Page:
In Amnesty International’s view, the situation in which these “adult orphans” accommodated in residence halls are living represents a grave failure to meet several of the criteria for “adequate housing” set out by the CESCR in its General Comment 4, in particular those of accessibility, habitability, affordability and security of tenure. By its failure to fulfil its legal obligation to ensure adult orphans adequate housing, the state also undermines their ability to access other human rights, such as the right to family life, to work, to dignity and personal integrity. It thereby exposes them to a vicious circle of poverty and social exclusion.

D. Recommendations for action by the State under review

Amnesty International urges the Albanian government:

With regard to the duty to protect women from domestic violence

  • To take active steps to amend the Criminal Code and introduce a specific offence of domestic violence;

  • To ensure that a nation-wide system of recording reports of domestic violence is established and implemented, that statistics are regularly made public and this information is used to inform government policy in combating domestic violence;

  • To ensure, in partnership with other ministries and municipal authorities, awareness of the provisions in the Domestic Violence Law for the issuance of protection orders;

  • To take steps to investigate why petitions for protection orders have been withdrawn and adopt measures to ensure that the protection order mechanism is more effective, including by issuing statistics on the number of such orders requested, granted and of any prosecutions relating to breaking of such orders;

  • To ensure the completion and introduction of all remaining supporting legislation required to implement the Domestic Violence Law;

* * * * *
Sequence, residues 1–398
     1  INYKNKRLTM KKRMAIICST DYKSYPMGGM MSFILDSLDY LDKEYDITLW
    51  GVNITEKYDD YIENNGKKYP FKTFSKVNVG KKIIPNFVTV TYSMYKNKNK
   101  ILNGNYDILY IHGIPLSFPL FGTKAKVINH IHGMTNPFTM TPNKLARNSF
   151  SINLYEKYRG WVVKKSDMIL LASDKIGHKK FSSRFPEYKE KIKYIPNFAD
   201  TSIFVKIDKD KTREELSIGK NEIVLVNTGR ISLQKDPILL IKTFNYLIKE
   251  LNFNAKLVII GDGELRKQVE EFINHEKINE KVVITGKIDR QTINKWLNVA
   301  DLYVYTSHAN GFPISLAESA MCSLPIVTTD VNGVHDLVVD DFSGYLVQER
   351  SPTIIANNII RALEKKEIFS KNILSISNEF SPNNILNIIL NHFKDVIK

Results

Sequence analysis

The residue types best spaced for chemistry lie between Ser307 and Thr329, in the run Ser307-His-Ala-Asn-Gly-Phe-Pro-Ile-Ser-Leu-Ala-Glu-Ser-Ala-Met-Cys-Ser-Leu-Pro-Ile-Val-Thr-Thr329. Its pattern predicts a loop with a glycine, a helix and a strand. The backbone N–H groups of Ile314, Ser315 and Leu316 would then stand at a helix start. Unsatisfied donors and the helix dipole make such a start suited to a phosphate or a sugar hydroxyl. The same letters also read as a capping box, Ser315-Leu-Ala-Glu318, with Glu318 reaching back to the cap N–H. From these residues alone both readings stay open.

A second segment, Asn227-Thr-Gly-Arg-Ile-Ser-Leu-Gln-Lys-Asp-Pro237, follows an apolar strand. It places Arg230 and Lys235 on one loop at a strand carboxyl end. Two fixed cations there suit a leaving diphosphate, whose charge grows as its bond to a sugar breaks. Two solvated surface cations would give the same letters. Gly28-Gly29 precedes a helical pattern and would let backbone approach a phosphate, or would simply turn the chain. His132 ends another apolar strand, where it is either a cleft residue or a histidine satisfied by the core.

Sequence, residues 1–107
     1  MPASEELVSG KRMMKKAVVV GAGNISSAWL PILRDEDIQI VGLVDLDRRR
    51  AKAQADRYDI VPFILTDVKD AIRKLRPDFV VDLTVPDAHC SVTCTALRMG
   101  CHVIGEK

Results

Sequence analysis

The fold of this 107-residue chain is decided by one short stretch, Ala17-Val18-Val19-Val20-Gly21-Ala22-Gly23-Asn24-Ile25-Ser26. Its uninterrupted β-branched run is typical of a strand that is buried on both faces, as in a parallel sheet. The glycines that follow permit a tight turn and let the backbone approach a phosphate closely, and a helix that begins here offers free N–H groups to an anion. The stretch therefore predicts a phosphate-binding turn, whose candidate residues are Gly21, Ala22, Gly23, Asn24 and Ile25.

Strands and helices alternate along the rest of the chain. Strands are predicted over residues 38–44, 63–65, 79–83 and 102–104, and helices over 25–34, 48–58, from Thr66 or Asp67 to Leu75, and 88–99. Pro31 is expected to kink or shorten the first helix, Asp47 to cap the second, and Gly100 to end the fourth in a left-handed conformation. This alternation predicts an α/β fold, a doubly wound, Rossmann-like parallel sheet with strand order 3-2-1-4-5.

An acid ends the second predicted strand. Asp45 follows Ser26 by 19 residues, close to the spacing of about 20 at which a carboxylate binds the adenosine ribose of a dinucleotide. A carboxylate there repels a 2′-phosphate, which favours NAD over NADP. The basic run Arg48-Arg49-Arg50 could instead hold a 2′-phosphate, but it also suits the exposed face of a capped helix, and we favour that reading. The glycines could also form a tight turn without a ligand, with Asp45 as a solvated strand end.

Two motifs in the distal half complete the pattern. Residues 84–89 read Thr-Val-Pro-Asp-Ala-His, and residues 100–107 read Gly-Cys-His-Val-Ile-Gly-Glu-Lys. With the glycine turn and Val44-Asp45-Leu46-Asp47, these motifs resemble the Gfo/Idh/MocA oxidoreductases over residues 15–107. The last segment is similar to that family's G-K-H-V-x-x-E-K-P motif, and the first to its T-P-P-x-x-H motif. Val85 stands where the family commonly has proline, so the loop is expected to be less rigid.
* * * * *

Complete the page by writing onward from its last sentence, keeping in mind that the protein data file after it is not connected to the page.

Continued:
• To make funds available to centres providing legal and other assistance to victims of domestic violence.

With regard to the right of adult orphans to adequate housing

  • To take prompt and effective measures to ensure that orphans, on attaining adulthood, are granted their right to adequate housing, in accordance with national law and international human rights treaties to which Albania is party;

  • To devise strategies and take measures for the progressive fulfilment of the right to adequate housing of all disadvantaged groups, including by allocating funding, in accordance with the requirement of Article 2.1 of the ICESCR, to the maximum of available resources, in cooperation with international partners, where necessary;

  • To support by funding, training and monitoring, the capacity of municipal councils to implement social housing programmes, in accordance with government decentralization policy;

  • To declare that Albania considers itself bound by Articles 16 (the right of the family to social, legal and economic protection), 30 (the right to protection against poverty and social exclusion) and 31 (the right to housing) of the Revised European Social Charter.

With regard to the right of orphans to “special protection”